Alberta rappel firefighters ‘blindsided’ by program cuts

The Alberta government has announced a decision to end the province’s Wildland Firefighter Rappel Program after decades of service. The helicopter rappel program, known as the RAP program, enables firefighters to rappel from helicopters to fight fires in remote areas that are most easily accessed by air.

Alberta's rappel firefighters believe the RAP program is essential for numerous reasons including scenarios where there is not enough land around a wildfire location to drive to or land at. Alberta Wildfire Photo
Alberta’s rappel firefighters believe the RAP program is essential for numerous reasons including scenarios where there is not enough land around a wildfire location to drive to or land at. Alberta Wildfire Photo
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The government’s decision to end the nearly 63-person program was revealed on Nov. 6 by minister of agriculture and forestry Devin Dreeshen in a statement. Dreeshen said budgetary reasons and the effectiveness of the RAP program were the major factors behind the decision.

“Using lessons learned from previous years, we are modernizing our wildfire response and making changes to align with best practices in other provinces,” said Dreeshen. “Firefighters rappelled into locations in less than two percent of wildfires in Alberta. We are instead prioritizing our Helitack and Firetack crews, which were used far more often.”

He added that “90 percent of wildfire fighting has been provided by private contractors. . . . [And] this practice will continue.”

Nonetheless, Alberta’s rappel firefighters are against the decision to cut the program, which they view as essential for numerous reasons including scenarios where there is not enough land around a wildfire location to drive to or land at.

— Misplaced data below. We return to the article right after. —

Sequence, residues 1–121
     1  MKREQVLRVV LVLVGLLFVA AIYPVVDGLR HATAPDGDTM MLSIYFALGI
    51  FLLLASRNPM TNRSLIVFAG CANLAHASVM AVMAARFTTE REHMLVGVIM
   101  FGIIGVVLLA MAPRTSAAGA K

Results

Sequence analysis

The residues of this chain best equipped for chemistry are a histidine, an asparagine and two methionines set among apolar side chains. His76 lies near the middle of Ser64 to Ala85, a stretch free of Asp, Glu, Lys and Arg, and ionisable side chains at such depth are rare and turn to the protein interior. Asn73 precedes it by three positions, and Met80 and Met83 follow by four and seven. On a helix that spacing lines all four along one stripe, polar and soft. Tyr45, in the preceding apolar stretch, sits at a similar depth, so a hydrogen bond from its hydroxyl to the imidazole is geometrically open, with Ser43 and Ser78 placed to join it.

On Nov. 7, several firefighters from the RAP program attended an Alberta NDP news conference, where they called on the government to reverse its decision to cut the program. Logan Mahoney, a rappel sub leader who has been with the program for six years, said the members of the RAP team were “blindsided” by the decision.

“It’s unclear how a decision like this can be made without any direct representation by anyone from the program,” Mahoney said while speaking at the NDP-led news conference. “Our value goes beyond just rappelling into initial attack fires. We are used on large-scale campaign fires to cut helipads to allow access for all crews to get their boots on the ground.”

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He continued: “Out of all the programs, rappel has the highest retention rate, which provides for more experience on all fires. In many cases, a rappel leader has over 10 years of experience. This experience is risked to be lost by these cuts.”

Lorne Dach, NDP critic for agriculture and forestry, also spoke at the Nov. 7 news conference, and expressed his disappointment with the government’s announcement to end the RAP program. “This cut will put public safety, peoples’ homes, and communities at risk,” he said.

The Alberta government plans to work with the current rappel firefighters to place them on Helitack or unit crews next summer, should they choose to return, minister Dreeshen said.

Alberta’s total wildfire management budget for 2019-20 is $117.6 million, and the contingency fund for emergency response – including wildfires – has been increased to $750 million.

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